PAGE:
Design Destination | NICO Sayulita by HYBRID and Palma
Nestled in the jungle-lined coast of Sayulita, Mexico, NICO is a boutique, Brutalist-style hotel crafted by Seattle-based design firm HYBRID and Mexico-City-based architecture firm Palma.
The main social area on the first level consists of a lap pool with a terrace and an outdoor kitchen-dining area.
HYBRID and Palma saw the communal spaces as an opportunity to play with colour, manifesting in the turquoise-coloured pool tiles, bright-green lounge chairs and dusty-pink powder room.
A narrow concrete bridge leads to a powder room.
Comprising five guest suites, NICO is designed to accommodate large group bookings or multiple individual bookings, with its structure – a multi-level, grid-like building consisting of private and communal spaces – offering flexibility in how it is inhabited. “NICO combines the autonomy of a vacation home with the arrangements and common spaces of a boutique hotel,” HYBRID design principle Robert Humble says. “This allows an extended family or group of friends to rent the entire complex with each guest or couple having their own private suite while providing generous common spaces for group gatherings.”
The combination of concrete, steel and timber imparts a calming feel to the spaces.
The suites are conceived as tranquil retreats that embrace a connection to the outdoors through floor-to-ceiling windows and open-air spaces. A neutral, Brutalist-inspired palette of concrete, steel and wood reinforces this sense of refuge. The interplay of these harsh materials against the gentle backdrop of the surrounding trees creates a beautiful tension between the built and the natural. HYBRID and Palma have also specified custom furniture made by local artisans, attributing a distinctive Mexican feel to the spaces.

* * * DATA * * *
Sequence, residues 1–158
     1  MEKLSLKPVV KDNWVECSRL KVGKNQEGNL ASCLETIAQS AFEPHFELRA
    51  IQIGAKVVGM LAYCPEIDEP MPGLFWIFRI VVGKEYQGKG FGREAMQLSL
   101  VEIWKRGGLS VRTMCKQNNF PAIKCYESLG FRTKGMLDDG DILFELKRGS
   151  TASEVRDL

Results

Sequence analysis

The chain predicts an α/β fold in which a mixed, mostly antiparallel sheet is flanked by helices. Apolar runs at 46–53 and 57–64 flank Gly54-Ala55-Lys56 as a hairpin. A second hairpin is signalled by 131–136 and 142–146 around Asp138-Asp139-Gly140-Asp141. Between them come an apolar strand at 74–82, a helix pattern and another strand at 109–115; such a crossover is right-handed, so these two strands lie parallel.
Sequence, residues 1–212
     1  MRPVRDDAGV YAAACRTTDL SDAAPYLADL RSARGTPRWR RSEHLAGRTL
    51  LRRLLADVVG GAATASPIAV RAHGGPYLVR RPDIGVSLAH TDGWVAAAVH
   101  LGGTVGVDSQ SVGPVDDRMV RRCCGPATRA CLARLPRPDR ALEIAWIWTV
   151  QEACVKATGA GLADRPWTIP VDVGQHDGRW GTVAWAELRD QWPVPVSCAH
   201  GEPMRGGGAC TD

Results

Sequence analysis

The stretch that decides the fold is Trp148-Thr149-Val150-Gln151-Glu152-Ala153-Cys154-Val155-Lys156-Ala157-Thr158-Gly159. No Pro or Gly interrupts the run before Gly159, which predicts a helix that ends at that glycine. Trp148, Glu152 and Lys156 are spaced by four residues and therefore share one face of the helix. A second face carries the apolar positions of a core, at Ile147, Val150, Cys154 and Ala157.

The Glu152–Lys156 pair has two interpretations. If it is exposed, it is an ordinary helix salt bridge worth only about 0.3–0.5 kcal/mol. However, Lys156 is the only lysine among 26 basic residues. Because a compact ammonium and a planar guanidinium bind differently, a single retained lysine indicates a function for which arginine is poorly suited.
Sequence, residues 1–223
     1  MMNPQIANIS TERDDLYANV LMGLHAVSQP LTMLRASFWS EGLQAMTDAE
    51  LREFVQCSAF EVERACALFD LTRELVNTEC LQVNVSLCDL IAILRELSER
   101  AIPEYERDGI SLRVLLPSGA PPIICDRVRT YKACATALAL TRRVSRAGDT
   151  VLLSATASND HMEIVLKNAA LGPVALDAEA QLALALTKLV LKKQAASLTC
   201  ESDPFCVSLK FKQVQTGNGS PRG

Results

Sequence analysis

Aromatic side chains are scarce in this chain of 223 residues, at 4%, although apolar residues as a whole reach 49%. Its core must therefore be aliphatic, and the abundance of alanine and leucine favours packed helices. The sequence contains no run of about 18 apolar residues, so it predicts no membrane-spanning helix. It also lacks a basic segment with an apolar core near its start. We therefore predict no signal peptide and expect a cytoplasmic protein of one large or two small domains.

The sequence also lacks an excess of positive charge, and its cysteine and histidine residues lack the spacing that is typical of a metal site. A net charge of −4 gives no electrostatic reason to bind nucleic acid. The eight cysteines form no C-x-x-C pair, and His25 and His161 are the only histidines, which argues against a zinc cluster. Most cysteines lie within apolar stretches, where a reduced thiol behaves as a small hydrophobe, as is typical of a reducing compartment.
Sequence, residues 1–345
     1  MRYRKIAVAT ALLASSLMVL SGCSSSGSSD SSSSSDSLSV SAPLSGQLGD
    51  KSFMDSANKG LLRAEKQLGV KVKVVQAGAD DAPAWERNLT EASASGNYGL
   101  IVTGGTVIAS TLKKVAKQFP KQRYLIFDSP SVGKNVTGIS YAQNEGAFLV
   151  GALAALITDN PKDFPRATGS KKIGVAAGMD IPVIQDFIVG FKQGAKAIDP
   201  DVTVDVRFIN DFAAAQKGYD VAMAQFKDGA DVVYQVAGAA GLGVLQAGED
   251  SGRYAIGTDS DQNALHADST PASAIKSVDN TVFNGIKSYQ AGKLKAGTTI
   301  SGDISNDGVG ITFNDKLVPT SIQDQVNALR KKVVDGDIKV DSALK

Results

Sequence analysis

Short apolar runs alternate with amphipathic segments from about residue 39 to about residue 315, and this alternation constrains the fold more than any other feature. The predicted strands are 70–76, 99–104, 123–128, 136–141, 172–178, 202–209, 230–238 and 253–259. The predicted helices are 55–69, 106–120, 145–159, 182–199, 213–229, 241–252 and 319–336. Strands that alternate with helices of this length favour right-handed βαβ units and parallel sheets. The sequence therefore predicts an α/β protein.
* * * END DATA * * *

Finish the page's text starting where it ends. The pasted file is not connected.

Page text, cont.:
The Brutalist concrete building contrasts with the surrounding greenery. HYBRID and Palma have painted the steel-framed windows green to create a sense of harmony.
The lower level suite, called the ‘Jungle suite’, is encircled by native trees and features a concrete built-in bathtub.
For the communal spaces, HYBRID and Palma took a different approach to the palette, incorporating more colour to “excite the senses and create a memorable experience,” Robert says. The main social area on the first level consists of a lap pool with a terrace and outdoor kitchen-dining area, while the second social area on the rooftop level consists of a plunge pool with spectacular ocean views. Robert compares this part of the building, where concrete beams frame the landscape like a painting, to tropical modernist buildings.